The health of the Chinese economy is deteriorating, and it will have a significant impact on U.S. economic growth.
Almost half of the provinces in the Chinese economy are expecting an economic slowdown. They are lowering their growth targets. According to Nomura Holdings Inc., 14 provinces in the Chinese economy have lowered their target for gross domestic product (GDP) this year compared to 2012, and 17 have left it unchanged. (Source: Bloomberg, February 27, 2013.)
The Chinese economy only grew by 7.8% in 2012, compared to an average 10.6% over the past 10 years.
In addition to this, the country is facing a slowdown in its exports. According to the HSBC Flash China Purchasing Managers’ Index (PMI), exports from China have decreased, resulting in the slowest factory growth level in four months. The PMI had a reading of 50.4 in February 2013, compared to 52.3 in January. (Source: HSBC, February 25, 2013.) Any PMI reading below 50 indicates a contraction in manufacturing.
The economic slowdown in the Chinese economy seems to be ramping up, and it’s affecting other countries as well. Take South Korea, for example; the country’s industrial production fell due to an economic slowdown in China and weaker demand from the eurozone. South Korea’s GDP grew by only two percent for 2012, which marked the slowest growth in three years. (Source: Dow Jones Newswires, February 27, 2013.) The central bank of South Korea also cut the country’s growth rate for 2013 from 3.2% to 2.8%.
An economic slowdown in the Chinese economy is something very important to watch.
Consider companies like NIKE, Inc (NYSE/NKE), and YUM! Brands, Inc (NYSE/YUM). These companies, among others, operate in the Chinese economy; but unfortunately, they showed weak results in their most recent earnings reports. (Source: Wall Street Journal, February 24, 2013.)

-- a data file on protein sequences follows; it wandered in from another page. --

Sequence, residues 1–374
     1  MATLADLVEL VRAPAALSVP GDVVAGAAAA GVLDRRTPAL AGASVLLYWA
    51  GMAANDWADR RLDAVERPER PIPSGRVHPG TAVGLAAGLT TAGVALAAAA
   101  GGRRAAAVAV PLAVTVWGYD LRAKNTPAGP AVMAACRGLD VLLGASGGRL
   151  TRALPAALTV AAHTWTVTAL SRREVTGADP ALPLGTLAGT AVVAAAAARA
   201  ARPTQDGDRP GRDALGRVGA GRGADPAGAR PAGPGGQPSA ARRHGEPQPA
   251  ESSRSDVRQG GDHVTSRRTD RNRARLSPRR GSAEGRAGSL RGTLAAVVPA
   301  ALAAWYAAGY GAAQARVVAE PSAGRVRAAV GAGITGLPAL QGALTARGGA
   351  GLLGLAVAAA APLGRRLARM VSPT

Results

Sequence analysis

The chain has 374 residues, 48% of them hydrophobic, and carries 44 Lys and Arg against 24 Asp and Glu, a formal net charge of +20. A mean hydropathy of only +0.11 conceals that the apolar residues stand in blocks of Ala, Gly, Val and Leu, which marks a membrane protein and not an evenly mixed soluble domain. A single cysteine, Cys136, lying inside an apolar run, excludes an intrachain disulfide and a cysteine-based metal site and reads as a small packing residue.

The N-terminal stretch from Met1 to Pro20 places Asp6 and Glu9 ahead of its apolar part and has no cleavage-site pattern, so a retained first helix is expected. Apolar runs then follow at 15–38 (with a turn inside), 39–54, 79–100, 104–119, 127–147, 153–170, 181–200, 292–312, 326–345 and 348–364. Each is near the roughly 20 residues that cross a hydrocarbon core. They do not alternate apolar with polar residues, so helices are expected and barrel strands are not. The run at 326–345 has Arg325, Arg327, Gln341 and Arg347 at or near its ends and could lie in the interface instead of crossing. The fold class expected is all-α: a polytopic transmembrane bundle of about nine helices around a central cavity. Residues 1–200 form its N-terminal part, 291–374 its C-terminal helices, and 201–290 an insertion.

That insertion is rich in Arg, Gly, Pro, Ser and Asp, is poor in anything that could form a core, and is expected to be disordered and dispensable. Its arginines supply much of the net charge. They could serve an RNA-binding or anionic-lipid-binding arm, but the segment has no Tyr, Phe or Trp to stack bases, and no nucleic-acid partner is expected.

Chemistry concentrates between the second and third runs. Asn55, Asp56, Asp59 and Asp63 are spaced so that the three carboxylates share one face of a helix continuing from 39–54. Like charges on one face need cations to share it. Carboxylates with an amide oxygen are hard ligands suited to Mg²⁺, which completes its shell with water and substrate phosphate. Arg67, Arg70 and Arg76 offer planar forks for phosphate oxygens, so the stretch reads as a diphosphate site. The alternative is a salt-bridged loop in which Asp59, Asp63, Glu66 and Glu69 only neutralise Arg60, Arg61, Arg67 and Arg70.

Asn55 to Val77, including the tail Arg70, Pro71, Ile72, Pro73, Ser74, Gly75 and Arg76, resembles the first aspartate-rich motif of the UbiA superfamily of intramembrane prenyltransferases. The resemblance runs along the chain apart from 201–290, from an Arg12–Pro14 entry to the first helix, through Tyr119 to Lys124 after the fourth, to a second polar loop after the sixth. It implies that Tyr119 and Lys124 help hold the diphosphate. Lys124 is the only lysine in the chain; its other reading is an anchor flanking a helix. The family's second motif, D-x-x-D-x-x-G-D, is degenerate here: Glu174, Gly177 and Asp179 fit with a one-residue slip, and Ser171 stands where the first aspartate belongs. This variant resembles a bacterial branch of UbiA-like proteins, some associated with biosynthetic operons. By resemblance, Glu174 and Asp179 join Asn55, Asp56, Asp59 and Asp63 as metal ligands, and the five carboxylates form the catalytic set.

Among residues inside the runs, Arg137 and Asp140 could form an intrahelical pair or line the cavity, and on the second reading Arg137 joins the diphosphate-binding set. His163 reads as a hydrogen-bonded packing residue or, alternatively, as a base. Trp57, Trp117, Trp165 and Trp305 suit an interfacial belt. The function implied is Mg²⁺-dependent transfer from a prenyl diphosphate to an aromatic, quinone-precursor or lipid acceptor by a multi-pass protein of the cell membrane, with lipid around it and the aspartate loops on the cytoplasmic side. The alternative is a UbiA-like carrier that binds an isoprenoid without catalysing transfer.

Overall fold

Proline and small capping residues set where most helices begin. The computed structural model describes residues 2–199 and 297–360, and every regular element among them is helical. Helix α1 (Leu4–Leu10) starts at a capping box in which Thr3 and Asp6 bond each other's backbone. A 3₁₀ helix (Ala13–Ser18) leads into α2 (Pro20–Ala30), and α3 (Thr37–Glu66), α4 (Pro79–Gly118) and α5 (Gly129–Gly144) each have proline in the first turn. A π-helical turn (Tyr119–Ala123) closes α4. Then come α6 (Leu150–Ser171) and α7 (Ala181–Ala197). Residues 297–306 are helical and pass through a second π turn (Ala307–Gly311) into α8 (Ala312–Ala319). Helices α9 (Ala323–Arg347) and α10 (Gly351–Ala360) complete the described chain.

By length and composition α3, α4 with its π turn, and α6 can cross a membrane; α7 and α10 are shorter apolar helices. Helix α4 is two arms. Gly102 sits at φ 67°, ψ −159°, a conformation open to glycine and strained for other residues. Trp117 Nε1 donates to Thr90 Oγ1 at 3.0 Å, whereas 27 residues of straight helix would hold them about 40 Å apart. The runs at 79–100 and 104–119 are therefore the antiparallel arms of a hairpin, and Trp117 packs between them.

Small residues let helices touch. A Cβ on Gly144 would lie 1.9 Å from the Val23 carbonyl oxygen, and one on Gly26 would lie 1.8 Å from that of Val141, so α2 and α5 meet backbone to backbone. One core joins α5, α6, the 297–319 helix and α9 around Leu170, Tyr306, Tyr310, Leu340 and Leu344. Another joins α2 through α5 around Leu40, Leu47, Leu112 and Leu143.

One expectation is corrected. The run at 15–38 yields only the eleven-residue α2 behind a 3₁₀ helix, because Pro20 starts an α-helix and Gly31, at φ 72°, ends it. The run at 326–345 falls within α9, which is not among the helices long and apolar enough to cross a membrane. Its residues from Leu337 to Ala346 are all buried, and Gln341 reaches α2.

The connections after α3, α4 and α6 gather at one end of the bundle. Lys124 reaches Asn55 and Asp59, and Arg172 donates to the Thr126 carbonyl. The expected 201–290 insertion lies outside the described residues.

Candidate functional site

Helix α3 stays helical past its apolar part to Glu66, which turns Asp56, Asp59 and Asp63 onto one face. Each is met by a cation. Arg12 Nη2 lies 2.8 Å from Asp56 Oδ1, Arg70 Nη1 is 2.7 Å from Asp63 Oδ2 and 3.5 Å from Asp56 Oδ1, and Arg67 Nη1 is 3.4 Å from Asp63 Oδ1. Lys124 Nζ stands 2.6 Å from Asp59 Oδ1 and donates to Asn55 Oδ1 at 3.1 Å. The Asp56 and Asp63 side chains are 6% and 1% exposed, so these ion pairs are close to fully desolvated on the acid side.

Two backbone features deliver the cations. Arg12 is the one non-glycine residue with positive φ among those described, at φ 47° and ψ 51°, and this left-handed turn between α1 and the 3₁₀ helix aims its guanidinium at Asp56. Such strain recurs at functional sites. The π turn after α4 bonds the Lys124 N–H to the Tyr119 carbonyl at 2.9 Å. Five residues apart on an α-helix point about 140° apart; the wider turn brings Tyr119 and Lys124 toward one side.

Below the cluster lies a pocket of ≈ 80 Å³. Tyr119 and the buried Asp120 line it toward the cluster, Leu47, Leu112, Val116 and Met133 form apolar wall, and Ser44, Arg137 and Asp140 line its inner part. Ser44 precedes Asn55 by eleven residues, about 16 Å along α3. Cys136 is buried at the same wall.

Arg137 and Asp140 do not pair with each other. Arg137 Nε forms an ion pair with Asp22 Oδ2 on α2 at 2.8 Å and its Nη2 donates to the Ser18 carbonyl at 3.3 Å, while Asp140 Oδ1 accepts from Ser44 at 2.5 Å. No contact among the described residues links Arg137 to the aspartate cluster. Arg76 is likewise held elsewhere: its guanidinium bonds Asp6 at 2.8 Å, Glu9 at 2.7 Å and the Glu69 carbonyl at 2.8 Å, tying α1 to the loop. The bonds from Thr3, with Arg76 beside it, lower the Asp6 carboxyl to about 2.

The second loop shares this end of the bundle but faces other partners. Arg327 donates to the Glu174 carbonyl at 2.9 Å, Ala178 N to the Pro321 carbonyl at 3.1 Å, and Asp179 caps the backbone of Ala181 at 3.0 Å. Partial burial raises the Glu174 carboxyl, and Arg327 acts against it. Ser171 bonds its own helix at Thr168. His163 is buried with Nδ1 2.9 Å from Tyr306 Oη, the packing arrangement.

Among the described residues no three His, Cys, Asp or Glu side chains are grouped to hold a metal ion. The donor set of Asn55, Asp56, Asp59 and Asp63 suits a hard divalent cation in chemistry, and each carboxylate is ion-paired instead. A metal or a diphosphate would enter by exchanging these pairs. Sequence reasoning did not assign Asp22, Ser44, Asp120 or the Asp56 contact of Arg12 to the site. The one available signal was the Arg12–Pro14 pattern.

If the economic slowdown in the Chinese economy dwindles any further, U.S.-based companies will face issues, as their ability to earn income will weaken. Dear reader, we are already seeing companies cutting costs by reducing their workforce because of bleak product/service demand from consumers in the U.S. and elsewhere in the world. An economic slowdown in the Chinese economy will force further cuts.
The current, most-quoted unemployment rate in the U.S. is 7.9%. But that number will skyrocket if conditions in the Chinese economy become more severe than they already are, as the Chinese economy is the second-largest economy in the world.
What He Said:
“Starting two years ago I was writing how the housing boom would go bust and cause the U.S. economy to suffer sharply. That’s exactly what is happening today. From what I see happening in the U.S. economy, I’m keeping with the prediction I made earlier this year: By late 2007/early 2008, the U.S. will be in a homemade recession. Hence, I expect housing prices to continue declining, soft auto sales, soft consumer spending and a lower stock market.” Michael Lombardi in PROFIT CONFIDENTIAL, August 15, 2007. You would have been hard pressed to find another analyst predicting a U.S. recession in the summer of 2007. At the time, the stock market was roaring with the Dow Jones Industrial Average hitting its all-time high of 14,164 in October of 2007.